Now is the time to end all forms of contractualization and other unfair labor practices and institute much-needed changes in the national labor situation to lift workers out of poverty, said National Anti-Poverty Commission Secretary Liza Maza.
At least 24.4 million workers in the Philippines are under “flexible labor schemes,” the secretary said, citing estimates by labor group Kilusang Mayo Uno and economic thinktank IBON Foundation.
Workers under flexible labor schemes include non-regular, agency-hired, informal sector, and unpaid family workers. “This translates to 63 percent of the entire labor force, or almost two out of three workers in the Philippines who have jobs that are precarious, have no benefits, and associated with exploitative working conditions,” said Maza.
“Contractualization and other unfair labor practices are bleeding our workers dry for profit and it is time for government to take a tougher stance,” said the secretary, noting that official figures show contractualization has worsened throughout the years.
For decades, there has been virtually no improvement in the percentage of Filipino employees in precarious work, said the anti-poverty chief. “From 1995 to 2016, official state figures show around 30 percent of employees in the country have short-term, seasonal, or casual jobs,” said Maza, citing statistics from the Philippine Statistics Authority’s Decent Work Statistics Report in November 2017.
Even these conservative estimates show that the magnitude of non-regular workers has also steadily increased, from 2.6 million in 1995 to 6.2 million in 2016, she added.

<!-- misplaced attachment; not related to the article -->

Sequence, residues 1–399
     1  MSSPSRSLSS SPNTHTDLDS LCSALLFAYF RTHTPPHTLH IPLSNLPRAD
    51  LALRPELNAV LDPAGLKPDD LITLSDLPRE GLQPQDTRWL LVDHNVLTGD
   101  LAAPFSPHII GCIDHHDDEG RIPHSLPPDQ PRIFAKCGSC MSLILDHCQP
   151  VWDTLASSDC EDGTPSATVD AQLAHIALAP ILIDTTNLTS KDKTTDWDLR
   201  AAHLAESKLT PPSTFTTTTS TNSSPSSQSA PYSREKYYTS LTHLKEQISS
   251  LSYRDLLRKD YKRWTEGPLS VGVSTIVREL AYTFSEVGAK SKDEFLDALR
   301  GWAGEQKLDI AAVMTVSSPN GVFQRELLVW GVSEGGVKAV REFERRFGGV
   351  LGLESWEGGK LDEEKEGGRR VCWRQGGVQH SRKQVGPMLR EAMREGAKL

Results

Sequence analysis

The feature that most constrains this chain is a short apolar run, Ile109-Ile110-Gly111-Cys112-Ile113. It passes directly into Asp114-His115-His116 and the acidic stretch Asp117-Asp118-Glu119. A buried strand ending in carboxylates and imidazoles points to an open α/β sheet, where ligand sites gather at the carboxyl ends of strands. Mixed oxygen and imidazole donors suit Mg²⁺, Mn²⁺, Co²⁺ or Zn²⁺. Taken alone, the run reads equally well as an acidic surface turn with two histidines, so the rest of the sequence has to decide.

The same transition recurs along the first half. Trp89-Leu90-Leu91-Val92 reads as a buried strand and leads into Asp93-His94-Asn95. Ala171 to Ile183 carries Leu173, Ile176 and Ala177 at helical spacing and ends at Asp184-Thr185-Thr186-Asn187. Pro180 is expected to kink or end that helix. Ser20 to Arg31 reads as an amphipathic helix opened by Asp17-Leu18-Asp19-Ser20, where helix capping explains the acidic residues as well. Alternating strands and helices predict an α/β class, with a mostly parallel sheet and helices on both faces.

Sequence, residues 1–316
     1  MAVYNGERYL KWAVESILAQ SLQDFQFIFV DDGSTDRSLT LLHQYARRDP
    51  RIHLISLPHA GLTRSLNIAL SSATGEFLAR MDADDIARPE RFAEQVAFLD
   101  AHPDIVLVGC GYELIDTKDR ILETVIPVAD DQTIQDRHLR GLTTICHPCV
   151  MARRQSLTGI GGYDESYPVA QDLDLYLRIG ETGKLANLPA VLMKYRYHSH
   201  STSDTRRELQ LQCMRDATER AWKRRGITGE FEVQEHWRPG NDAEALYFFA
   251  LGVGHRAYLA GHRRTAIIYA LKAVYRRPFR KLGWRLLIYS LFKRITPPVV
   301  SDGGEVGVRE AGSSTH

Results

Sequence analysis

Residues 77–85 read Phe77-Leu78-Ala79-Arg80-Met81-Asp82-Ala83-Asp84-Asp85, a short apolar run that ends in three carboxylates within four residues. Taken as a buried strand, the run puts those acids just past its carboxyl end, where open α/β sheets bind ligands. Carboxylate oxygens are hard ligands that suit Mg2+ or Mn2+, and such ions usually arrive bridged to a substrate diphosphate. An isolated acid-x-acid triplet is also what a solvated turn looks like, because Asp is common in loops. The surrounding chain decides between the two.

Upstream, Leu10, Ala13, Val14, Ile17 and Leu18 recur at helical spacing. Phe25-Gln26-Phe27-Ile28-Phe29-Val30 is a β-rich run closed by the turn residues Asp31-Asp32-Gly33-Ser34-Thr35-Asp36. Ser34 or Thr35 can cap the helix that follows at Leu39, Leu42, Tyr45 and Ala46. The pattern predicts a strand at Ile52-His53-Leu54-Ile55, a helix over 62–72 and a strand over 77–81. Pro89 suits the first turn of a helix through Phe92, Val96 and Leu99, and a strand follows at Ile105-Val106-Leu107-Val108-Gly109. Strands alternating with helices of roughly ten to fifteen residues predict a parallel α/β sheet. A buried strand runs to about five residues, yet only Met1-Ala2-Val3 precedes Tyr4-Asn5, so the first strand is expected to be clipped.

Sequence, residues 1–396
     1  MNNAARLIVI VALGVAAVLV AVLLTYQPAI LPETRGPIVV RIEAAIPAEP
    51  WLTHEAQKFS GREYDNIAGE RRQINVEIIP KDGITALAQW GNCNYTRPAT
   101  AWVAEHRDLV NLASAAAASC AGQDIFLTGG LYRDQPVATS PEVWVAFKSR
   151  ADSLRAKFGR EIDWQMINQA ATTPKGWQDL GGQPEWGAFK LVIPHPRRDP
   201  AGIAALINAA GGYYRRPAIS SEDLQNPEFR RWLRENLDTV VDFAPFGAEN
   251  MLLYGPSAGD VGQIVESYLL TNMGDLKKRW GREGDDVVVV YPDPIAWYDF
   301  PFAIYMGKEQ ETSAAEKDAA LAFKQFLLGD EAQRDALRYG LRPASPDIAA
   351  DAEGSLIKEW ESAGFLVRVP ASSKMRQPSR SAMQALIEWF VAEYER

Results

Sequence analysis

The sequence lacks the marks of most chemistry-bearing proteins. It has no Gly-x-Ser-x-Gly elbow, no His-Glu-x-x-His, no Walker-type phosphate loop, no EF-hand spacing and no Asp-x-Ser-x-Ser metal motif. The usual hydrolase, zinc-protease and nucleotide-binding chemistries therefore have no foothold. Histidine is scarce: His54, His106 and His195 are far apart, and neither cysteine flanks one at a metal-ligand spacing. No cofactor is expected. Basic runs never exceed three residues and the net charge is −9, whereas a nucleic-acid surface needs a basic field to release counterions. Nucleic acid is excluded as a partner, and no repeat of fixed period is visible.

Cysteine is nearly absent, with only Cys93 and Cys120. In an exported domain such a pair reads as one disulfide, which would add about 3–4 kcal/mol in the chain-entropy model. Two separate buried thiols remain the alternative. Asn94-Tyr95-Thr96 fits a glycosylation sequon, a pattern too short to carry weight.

Unfortunately, labor groups have lamented that even Department Order 174 issued by the Department of Labor and Employment in 2017 as well as House Bill 6908 pending in Congress both do not resolve the problem of contractualization, said Maza.
“This is why the workers’ clamor for the president to sign an EO against contractualization remains clear and undiminished. I reaffirm my solidarity with our workers and in their call, knowing that an end to contractualization is only consistent with the administration’s platform of change,” the former women’s rights legislator said.
A few days before Labor Day last year, the NAPC was instrumental in facilitating a landmark unity among a broad coalition of labor groups calling for an end to ‘endo.’ The Commission’s Formal Labor and Migrant Workers Sectoral Council also forwarded to Malacanang a draft executive order against ‘endo,” a document also supported by the rest of the NAPC’s basic sectoral councils.
Aside from an EO that will end contractualization, to actualize full recognition of labor rights to workers, Maza enjoins the legislators to support House Bill 556 or an Act of Prohibiting the Practice of Labor Contractualization and Promoting Regular Employment. A decent job with labor benefits and livable wage is considered by the NAPC as one of the 10 Basic Needs.
“Giving workers their due is right and just. There is no proof that it will worsen unemployment or even cause the shutdown of businesses. It is high time that we carry the torch of economic nationalism and protect workers against oligarchs, big businesses, and foreign monopolies that have trapped our workers in poverty for decades,” said Maza.